You are currently viewing Python’s __getitem__ Method: Accessing Custom Data

Python’s __getitem__ Method: Accessing Custom Data

You must have used the square bracket notation ([]) method to access the items from the collection such as list, tuple, or dictionary.

The first element of the list (my_lst) is accessed using the square bracket notation method (my_list[0]) and printed in the above code.

But do you know how this happened? When my_lst[0] is evaluated, Python calls the list’s __getitem__ method.

This is the same as the above code, but Python handles it behind the scenes, and you will get the same result, which is the first element of my_lst.

You may be wondering what the __getitem__ method is and where it should be used.

The __getitem__ Method

The __getitem__ method is usually implemented within Python classes to make the object of that class work with the square bracket ([]) notation.

To put it simply, you can use square bracket notation on the class’s objects in the same way that you would with Python’s built-in methods.

In the first block of code, the [] operator is used to access a list item.

In the second block of code, a class (Names) is defined without implementing the __getitem__ method. The [] operator is applied to the class’s object (friends).

What happens when you run the above code? The first block of code will work because the [] operator is used on the built-in datatype, but the second block of code will fail because the class does not have the __getitem__ method to perform this functionality on the object.

If you implement the __getitem__ method within the class, the above code will work just fine.

When you run this code, there will be no errors, and the first element will be printed as specified by the __getitem__ method.

You can see the difference after implementing the __getitem__ method, the object (friends) is now allowed to access values using the [] operator.

Now how does __getitem__ work? First, let’s understand the syntax of this magic method.


__getitem__(self, key)

The __getitem__ method typically accepts a single argument besides self, which is commonly referred to as key when dealing with mappings like dictionaries. This argument represents the index or key used to access the value in the object.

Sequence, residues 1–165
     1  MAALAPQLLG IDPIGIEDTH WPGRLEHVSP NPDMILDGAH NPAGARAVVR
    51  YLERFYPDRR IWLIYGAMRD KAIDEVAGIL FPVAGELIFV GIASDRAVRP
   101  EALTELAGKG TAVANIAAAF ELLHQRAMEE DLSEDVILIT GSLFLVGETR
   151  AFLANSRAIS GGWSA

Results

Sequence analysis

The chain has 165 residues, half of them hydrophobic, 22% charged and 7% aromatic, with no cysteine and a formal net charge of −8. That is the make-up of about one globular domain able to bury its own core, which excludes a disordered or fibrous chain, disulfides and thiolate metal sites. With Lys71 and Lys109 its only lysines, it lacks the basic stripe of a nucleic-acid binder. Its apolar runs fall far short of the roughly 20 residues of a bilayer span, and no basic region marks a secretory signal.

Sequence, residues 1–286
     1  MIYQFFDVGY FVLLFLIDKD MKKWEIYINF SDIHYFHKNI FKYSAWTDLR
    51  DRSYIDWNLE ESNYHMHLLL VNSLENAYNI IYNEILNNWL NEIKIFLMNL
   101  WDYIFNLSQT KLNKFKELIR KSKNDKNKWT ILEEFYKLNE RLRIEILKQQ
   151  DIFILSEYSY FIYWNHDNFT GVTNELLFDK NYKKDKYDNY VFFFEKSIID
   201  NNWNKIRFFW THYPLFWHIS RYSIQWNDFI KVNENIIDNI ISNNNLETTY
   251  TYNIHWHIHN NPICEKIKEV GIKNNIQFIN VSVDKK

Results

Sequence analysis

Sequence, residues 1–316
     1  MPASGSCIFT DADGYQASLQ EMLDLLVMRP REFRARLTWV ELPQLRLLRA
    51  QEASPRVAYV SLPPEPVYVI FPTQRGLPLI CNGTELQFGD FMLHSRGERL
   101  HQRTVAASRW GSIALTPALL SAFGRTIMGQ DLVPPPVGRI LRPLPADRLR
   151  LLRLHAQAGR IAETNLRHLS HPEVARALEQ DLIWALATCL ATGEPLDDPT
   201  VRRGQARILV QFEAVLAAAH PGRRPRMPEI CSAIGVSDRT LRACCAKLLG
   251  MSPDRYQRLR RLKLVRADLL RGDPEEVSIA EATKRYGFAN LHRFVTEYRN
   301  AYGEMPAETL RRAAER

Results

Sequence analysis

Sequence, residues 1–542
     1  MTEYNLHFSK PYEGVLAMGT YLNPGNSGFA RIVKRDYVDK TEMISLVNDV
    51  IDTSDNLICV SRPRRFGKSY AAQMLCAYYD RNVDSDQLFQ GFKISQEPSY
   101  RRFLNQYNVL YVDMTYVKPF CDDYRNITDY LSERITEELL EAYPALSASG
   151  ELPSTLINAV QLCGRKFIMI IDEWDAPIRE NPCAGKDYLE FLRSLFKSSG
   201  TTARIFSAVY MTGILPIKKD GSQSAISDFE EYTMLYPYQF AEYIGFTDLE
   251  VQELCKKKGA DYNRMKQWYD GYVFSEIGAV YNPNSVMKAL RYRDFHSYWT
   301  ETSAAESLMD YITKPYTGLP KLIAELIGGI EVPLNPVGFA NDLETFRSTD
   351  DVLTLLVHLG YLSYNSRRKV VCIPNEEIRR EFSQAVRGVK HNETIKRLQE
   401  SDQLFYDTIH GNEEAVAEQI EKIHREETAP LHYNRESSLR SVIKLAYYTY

Assume you have a large number of entries with employee names and you want to retrieve the first name of each employee from them.

The class accepts a file parameter, and the __getitem__ method opens and reads the file line by line, iterating through each line and splitting it into words with the split() method before selecting the word at the index name.

When the class (EmployeeFirstName) is instantiated, it receives a file (employee_data), and the square bracket notation ([]) is used on the instance (employee[0]) to access the values at the 0th index from the file.

When you run the code, you will get a list of the employees’ first names from the file.

You were able to access the values because the __getitem__ method was implemented in the class and you can see that the name argument is used as a key to access values based on the index.

If you change the value of the name to 1, you will get the employees’ last names.



The __getitem__ method is implemented within a Python class, allowing the class object to use square bracket notation ([]) in the same way that built-in methods do.

You can’t use the [] operator on the instance without implementing the __getitem__ method.

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